Ok, so let me be clear, the days of strapping some weights to your head, as many of the top boxers used to do in order to strengthen their neck muscles, have pretty much gone. The risks associated with putting that amount of strain on the neck has since proven to potentially cause more harm than good! What I mean by the phrase ‘lift with your head’ is simple… use your brain when you next come to lift a load, especially one that is outside of your normal longitudinal plane, such as when twisting in order to reach and pick up a weight.
Risk of injury when performing resistance work
There’s an unfortunate and morbid saying in the fitness industry when it comes to injuries…
‘It’s not IF you’ll get injured, it’s WHEN’
(Some guy in the gym)
Quite ironic then that the thing we do to keep up us fit and healthy can actually cause injury and pain! However, injury isn’t the foregone conclusion that everybody makes it out to be. I’ve had my fair share of injuries including 2 broken ankles, several ligament sprains and muscle strains, a slipped 4th and 5th vertebrae, and a spontaneous pneumathorax (collapsed lung) just to cap it off, so by no means am I meaning to preach, but I can at least say I have some experience. However, this is exactly why I feel this subject needs to be addressed, and why I am pretty well equipped to discuss the matter. Most of my injuries were inflicted by another person on the football pitch, but one was because of poor form attributed to fatigue, and another was because of an erratic, uncontrolled hyperextension at the beginning of a movement.
So if we can avoid the onset of unnecessary injury, then it obviously makes sense to do so.
Train smart and avoid injury
There’s another saying in the fitness industry (just call me Aristotle)…
‘The best athletes are the ones that can stay fittest, for longest’
(Some other guy in the gym)
Those of you that have been injured will be familiar with the frustrations associated with playing ‘catch up’, and having lost your gains whilst injured. Amazing how something that can take you months to gain, can be lost in a matter of weeks! So to minimise the risk of unnecessary frustrations, be sure to focus, channel your thoughts into your set, and wait until you’ve finished said set before you admire the stretching spandex over on the limbering matt! I would bet that many an injury stems from exertion without control i.e. lifting a weight without giving it your full attention. Myself and Scott have written articles on the mind muscle connection when performing resistance work in order to maximise muscle contraction, well the same principle holds true when minimising injury risk.
Lift your weights with control
If you lift a weight make sure you do it in a controlled manner, the speed of the movement can be fast, but the key is to keep it controlled, and if a heavy load is applied, keep it in a constant plane of motion. For example, a bench press can be performed at a count of 1 second up to 1 second down, so long as the movement isn’t jerky and is performed in a relatively fluid motion. Locking of elbows is a ‘no no’ and so too is a change in angular motion, any force that changes its axis abruptly is at far greater risk of causing injury than those that stay in the same line of motion. So when you next perform a press be sure to keep a smooth up and down motion, and if the weight feels like it’s falling away then don’t try to correct it…let it go! A crash on the floor is better than a pop in the shoulder.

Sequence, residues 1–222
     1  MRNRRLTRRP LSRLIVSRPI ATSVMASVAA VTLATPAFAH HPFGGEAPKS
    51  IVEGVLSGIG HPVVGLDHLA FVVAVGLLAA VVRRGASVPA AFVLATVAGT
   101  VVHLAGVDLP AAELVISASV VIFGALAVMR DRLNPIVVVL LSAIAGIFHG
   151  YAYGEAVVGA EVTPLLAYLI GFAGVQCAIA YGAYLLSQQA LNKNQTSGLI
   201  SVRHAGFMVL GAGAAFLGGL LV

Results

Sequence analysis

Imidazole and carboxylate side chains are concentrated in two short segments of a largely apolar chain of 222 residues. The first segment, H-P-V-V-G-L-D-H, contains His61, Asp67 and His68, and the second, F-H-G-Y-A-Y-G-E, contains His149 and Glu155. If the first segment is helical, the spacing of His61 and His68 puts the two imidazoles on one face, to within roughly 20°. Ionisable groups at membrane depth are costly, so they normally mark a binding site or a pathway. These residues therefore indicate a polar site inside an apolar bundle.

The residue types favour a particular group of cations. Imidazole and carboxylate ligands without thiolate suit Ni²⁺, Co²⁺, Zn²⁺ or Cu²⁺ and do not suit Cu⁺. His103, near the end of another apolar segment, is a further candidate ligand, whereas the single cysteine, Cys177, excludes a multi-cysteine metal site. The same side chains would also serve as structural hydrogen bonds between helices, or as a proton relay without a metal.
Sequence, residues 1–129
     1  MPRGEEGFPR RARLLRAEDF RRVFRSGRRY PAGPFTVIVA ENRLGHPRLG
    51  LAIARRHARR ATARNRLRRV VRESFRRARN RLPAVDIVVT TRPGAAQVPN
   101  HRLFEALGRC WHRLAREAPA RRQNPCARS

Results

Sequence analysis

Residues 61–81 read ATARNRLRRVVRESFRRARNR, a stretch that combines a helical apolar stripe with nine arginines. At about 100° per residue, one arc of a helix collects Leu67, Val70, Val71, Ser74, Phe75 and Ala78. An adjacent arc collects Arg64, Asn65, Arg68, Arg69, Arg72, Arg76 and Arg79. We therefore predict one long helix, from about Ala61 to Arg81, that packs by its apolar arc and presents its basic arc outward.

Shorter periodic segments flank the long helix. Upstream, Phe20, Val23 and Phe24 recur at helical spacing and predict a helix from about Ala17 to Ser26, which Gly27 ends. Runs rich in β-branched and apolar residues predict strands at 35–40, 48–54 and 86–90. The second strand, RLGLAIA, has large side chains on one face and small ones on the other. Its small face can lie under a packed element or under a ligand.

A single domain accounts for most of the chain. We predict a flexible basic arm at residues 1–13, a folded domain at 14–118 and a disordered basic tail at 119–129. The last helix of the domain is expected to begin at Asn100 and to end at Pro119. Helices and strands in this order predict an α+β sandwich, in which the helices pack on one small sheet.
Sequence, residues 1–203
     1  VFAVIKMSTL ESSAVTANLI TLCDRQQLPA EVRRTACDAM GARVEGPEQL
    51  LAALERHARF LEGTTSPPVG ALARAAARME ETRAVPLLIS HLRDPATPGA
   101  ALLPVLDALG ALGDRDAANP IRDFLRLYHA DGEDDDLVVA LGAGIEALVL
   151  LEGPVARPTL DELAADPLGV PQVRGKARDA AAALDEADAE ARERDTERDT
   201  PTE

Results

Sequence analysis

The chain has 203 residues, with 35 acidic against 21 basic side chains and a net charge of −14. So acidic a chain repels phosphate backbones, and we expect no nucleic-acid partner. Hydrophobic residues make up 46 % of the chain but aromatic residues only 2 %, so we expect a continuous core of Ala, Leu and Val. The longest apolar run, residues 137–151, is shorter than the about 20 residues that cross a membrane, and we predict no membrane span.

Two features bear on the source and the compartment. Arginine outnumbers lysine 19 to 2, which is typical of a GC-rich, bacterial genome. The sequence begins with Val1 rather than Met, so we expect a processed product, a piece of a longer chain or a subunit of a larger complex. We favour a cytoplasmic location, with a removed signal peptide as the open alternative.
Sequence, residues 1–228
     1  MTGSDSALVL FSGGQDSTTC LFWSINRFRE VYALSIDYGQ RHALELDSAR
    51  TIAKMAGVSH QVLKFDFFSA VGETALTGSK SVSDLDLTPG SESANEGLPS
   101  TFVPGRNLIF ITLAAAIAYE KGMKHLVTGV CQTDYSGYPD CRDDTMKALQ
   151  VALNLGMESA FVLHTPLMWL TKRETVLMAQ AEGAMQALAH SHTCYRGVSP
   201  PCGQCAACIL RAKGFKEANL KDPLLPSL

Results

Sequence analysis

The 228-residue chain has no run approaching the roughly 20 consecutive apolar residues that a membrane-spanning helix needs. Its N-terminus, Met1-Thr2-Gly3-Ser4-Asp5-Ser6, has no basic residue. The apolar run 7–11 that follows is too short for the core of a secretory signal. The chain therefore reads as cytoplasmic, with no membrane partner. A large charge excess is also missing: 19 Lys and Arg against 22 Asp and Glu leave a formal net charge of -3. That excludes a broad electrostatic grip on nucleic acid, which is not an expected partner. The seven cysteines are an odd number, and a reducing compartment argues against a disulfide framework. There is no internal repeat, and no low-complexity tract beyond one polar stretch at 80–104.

Some practical applications
Picking up weights - Next time you pick up a weight, for goodness sake don’t be lazy and bend at the knees and not the lower back, but if you absolutely have to then be sure to stick your backside out and chest forward to engage the erector spinae and create a strong concave arch in the lower back.
Lowering weights – NEVER, and I mean never lower a weight to the floor when performing dumbbell presses. There’s a big difference between some meat head dropping the 50’s down from the top of a rep to someone dropping the weights after a hard set of 10 reps. Lowering the weights to the ground may look like a considerate thing to do…but you know what’s not considerate, the application of a physio’s elbow into the shoulder joint to free up a trigger point (knot or spasm in the muscle), or the incision made by a surgeons scalpel because you’ve pulled your anterior deltoid (front shoulder) or ruptured a ligament from courteously lowering the weights to the ground!
Getting into position when starting a set - This is applicable to any exercise, but one of the main causes of shoulder injury is the initial movement during the pec fly on the pec deck. Many of the pec deck machines have a starting point that is beyond the regular starting point of the fly, meaning you are placing a lot of strain on the shoulder in the initial first few degrees of movement. If your pec deck doesn’t have a foot pedal in order to get you started in the movement, then it would be prudent of you to turn and pull one side of the pec deck to the finishing point of a fly, and then reaching round and doing the same with the other side. This enables you to start from the end point of a fly and perform a negative rep in order to get you into rhythm and not exert a heavy, static load on the small, unsuspecting anterior deltoid.
Injury is an extremely unfortunate inevitability when it comes to the acquisition of muscle mass. An injured athlete is, on the whole, a useless athlete (harsh but true), so it makes sense to take every precaution you can to preserve a clean bill of health! A structured training plan will keep you tuned in, many people find music helps them to concentrate, and allowing plenty of time to train is also good to prevent rushing (most accidents happen when exercises are performed in haste).